Write It, Work It, Publish It™

I recently received my manuscript from my editor. Yes, though I am an editor, a published author and deemed a prolific writer, I practice what I teach my clients “Get your manuscript professionally edited.”

I’m of the opinion that it doesn’t matter what level of education you have, when you are too close to your work, you can miss the obvious. This was made more evident to me after receiving my manuscript. Though there were no major grammatical or punctuation errors, my editor made some superb suggestions. The book could probably work without them, but her recommendations served to strengthen and enhance the story, making the scenes more realistic and relatable. For that I’m grateful.

With this in mind, this article is about you taking responsibility to edit your manuscript.

A polished manuscript will stand you in good stead when you send it off to an agent, or better yet, if you are taking the self-publishing route.
 
However, though I advocate getting your manuscript professionally edited. It’s also your responsibility as a writer to edit your manuscript. Doing this serves two purposes: it will save you money when you hire an editor — editors either charge per word or per project — and you are able to check for clarity and fluency of your writing, which reinforces your understanding about the craft of writing.

That said, editing is not only about dotting the Is and crossing the Ts, watch out for overused and extraneous words such as that, and, but, had and other worthless words.

Check that your writing flows; ideas or events are strategically placed; points of views are consistent, the story and events is logical, and plot points are clear.

Don’t get attached to words. Many writers have all their characters use the same words. This can cause them to sound alike. Remember, your characters should have their own unique features. Further, if you have your characters perform the same action, for example, Sammy snickered, Jane snickered, Paul snickered; you risk boring your readers.

What about clichés? Avoid them like the plague (there’s a cliché for you). They do nothing but make your writing uninteresting. Naturally, there are exceptions to rules, so use only if it is meaningful to a character’s distinct persona.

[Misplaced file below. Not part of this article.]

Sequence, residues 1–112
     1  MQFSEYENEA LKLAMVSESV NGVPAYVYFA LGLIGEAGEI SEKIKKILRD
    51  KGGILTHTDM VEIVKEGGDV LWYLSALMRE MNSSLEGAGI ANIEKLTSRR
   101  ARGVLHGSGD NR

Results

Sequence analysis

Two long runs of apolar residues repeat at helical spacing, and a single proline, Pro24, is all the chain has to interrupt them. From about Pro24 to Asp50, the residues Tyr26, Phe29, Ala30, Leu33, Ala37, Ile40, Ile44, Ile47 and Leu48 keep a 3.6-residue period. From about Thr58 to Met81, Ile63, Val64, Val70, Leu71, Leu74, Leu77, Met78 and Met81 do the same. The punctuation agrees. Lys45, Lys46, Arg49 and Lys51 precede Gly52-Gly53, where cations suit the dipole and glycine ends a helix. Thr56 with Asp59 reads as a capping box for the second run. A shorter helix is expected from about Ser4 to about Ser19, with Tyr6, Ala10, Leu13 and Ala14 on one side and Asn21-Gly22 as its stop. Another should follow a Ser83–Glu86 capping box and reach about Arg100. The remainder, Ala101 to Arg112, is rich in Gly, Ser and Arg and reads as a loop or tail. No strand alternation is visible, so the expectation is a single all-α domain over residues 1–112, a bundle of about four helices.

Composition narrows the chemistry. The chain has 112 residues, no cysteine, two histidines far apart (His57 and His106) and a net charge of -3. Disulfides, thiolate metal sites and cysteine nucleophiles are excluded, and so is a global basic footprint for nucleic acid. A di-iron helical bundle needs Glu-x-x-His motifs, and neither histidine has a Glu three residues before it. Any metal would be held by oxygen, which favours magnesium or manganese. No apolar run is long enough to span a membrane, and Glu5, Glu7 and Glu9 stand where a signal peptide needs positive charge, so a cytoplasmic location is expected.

To help you sharpen your editing skills, read, read and read. The more you read, the more you hone an intuitive sense of understanding of such things as rhythm and pace, style and tone, structure and flow etc.

© 2010 Cherry-Ann Carew

WOULD YOU LIKE TO USE THIS ARTICLE IN YOUR EZINE, NEWSLETTER, MAGAZINE, BLOG OR WEBSITE? Please do, but ensure you include this complete resource box:

Cherry-Ann Carew, The Power Writing Coach, Editor, Author and Founder of Writetastic Solutions, is a contributing author to How the Fierce Handle Fear – ‘Secrets to Succeeding in Challenging Times.  Cherry-Ann helps writers with their creative expression to add value to their books. Learn how her coaching and editing services can help you with your book. Subscribe for your FREE SPECIAL REPORT: ‘Discover The 3 Simple Steps That Will Help You Start And Finish Your Book.

Advertisements

Leave a Reply

Fill in your details below or click an icon to log in:

WordPress.com Logo

You are commenting using your WordPress.com account. Log Out / Change )

Twitter picture

You are commenting using your Twitter account. Log Out / Change )

Facebook photo

You are commenting using your Facebook account. Log Out / Change )

Google+ photo

You are commenting using your Google+ account. Log Out / Change )

Connecting to %s

%d bloggers like this: